All about car insurance
October 10, 2022
Seemingly insignificant caveats and clauses hidden deep in the fine print of auto insurance policies often make the difference between good policies and bad ones. You can ask your insurance agent the following questions before signing a car owner insurance contract and ensure that the identical answers can be found on the policy itself.
Is it a "family policy" or a "named-insured-only" policy?
Family policies protect each of the in-house drivers and anyone to whom they lend their vehicles, while "name-only" policies only cover drivers specifically named in the policy. Family policies are likely to cost an additional 10% to 15% (or more based on many factors, such as the driving records of one of the other drivers), but they're the right choice if someone other than the policyholder will ever drive the car. Many car owners don't even understand that they have name insurance policies, and they lend their vehicles to friends and family, unaware that they may not be insured in the event of an accident.
With this policy, do I have the right to choose my own repair facilities and choose Original Equipment Manufacturer (OEM) parts?
A number of insurance agencies, including Geico, Nationwide and Progressive, have reworded some auto insurance contracts to limit auto owners' repair choices after accidents. The use of aftermarket parts - parts not manufactured by the vehicle manufacturer - in the vehicle may void the warranty. For example: your radiator needs to be replaced after a car accident. A year later, your engine breaks down. The dealer will likely not honor your warranty because of the aftermarket radiator.
Does this insurance have a valuation clause?
This clause allows the policyholder to obtain an appraisal if the insurance provider offers you a lesser amount for a totaled vehicle than the policyholder believes it is worth. Also ask: Does this appraisal clause allow a third party to be appointed by a “court”? With this method, if the policyholder and insurance company appraisers cannot agree on who to select as arbitrator, each appraiser could seek the appointment of an arbitrator by a court of competent jurisdiction to break the deadlock. If the answer to any of the questions is no, be warned. You can be powerless when your insurance company claims your car is worth less than its Kelley Blue Book or NADA (National Automobile Dealers Association) benchmark.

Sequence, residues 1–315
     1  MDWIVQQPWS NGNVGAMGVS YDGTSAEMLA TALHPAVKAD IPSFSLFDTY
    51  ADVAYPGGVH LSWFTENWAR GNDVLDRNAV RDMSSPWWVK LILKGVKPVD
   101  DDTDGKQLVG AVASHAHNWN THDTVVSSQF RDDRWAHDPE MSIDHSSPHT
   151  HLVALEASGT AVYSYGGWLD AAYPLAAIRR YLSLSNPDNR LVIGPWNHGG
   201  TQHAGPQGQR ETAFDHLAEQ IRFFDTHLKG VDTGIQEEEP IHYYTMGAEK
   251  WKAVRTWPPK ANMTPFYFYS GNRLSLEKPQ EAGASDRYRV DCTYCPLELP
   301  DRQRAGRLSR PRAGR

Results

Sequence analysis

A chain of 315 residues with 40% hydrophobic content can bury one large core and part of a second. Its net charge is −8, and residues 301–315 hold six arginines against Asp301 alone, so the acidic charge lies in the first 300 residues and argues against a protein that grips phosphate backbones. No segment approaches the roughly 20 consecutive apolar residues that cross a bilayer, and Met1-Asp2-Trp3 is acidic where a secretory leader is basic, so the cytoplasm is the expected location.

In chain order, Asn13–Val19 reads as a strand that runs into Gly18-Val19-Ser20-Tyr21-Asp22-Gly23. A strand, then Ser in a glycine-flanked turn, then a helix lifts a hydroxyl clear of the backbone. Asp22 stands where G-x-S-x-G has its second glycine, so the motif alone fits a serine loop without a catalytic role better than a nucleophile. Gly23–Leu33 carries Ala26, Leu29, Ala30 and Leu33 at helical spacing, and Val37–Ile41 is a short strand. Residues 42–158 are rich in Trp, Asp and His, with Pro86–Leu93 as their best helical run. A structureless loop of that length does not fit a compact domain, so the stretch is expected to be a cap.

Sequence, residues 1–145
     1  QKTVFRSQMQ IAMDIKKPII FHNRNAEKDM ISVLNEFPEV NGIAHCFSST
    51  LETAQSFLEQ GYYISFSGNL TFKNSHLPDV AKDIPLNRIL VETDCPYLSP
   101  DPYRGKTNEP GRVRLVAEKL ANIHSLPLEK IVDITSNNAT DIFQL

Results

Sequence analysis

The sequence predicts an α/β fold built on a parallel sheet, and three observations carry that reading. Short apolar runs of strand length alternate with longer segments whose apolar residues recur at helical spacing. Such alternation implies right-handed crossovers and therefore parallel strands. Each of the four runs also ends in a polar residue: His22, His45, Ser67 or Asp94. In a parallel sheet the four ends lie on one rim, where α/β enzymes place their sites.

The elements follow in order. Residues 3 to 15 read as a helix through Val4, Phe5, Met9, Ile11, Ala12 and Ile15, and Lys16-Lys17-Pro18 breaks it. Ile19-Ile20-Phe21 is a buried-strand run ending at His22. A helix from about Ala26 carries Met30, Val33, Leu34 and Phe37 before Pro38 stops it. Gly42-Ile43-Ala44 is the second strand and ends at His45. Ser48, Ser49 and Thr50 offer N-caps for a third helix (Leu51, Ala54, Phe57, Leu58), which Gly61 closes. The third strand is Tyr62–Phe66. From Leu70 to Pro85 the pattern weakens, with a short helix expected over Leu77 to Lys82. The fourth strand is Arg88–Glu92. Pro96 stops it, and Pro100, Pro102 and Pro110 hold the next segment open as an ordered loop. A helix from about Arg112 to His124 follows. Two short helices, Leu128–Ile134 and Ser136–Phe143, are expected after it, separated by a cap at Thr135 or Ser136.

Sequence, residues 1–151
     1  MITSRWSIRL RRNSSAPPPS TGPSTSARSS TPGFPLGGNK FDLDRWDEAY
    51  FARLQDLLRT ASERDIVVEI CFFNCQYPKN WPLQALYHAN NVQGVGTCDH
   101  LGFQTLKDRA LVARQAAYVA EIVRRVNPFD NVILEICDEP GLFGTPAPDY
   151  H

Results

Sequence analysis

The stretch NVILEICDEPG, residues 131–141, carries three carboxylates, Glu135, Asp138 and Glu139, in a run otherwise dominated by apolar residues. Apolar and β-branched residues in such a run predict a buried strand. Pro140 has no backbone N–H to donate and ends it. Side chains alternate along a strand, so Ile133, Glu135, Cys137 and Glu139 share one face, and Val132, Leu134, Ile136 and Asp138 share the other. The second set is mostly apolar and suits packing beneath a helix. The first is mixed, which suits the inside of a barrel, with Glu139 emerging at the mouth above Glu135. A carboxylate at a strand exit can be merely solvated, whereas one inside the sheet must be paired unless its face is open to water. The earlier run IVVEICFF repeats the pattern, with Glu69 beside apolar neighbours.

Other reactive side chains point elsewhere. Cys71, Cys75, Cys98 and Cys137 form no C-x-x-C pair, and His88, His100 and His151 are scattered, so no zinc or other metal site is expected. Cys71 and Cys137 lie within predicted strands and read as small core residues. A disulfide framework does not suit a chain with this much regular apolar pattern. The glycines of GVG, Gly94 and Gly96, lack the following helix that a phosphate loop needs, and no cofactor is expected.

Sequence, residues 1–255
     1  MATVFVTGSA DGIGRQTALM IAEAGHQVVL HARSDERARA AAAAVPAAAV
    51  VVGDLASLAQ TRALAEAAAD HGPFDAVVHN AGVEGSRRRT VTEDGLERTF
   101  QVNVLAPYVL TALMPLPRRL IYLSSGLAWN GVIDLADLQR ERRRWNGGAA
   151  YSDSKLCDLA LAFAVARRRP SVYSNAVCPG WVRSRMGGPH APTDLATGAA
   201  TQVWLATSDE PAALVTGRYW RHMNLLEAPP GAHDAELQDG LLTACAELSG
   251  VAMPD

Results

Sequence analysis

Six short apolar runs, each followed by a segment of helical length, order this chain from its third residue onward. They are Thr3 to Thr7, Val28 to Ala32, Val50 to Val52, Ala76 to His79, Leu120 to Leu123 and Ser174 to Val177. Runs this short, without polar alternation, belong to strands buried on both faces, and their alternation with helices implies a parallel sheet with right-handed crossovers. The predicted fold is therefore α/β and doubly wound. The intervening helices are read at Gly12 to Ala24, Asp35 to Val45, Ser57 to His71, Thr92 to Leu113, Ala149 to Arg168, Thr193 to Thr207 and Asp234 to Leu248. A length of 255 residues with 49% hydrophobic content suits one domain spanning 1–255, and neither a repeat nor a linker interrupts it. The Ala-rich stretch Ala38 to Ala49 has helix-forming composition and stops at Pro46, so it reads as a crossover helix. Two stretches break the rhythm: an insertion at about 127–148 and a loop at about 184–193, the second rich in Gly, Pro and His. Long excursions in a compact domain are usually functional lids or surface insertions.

Does the “Limitations of Liability” section of the contract contain the phrase “as defined by us”?
This particular part of your auto insurance policy sets limits on how much the insurer will pay. It could read that the insurer cannot pay "more than the prevailing hourly labor rate of repair shops in the area" or "no more than a competitive estimate of the cost of repairs".
Unfortunately, some insurers have begun to add the phrase “as defined by us” to the completion of statute of limitations clauses in some contracts, effectively giving the insurance company the right to insist on repair rates below market value. Your policyholders must either take their vehicle to the insurer's 'approved' repair shop, which will be willing to make repairs at that low rate, or take the car to a better repair shop and pay the difference up front.
Where to find the best insurer
Some insurance companies responsibly look after the interests of their clients, while others mainly consider their own profits. Wise ways of saying which are which...
Examine the extent of customer problems. Call your state's insurance department and ask which insurers have the lowest customer complaint rates.
Examine customer satisfaction ratings. Economic research firm JD Power and Associates produces its own annual auto insurance customer satisfaction survey. The latest ratings can be found at http://www.jdpower.com/autos/ratings/autos-insurance.
Get suggestions from workshop managers or owners. Ask which insurers take good care of their customers and which are trying to save on repairs.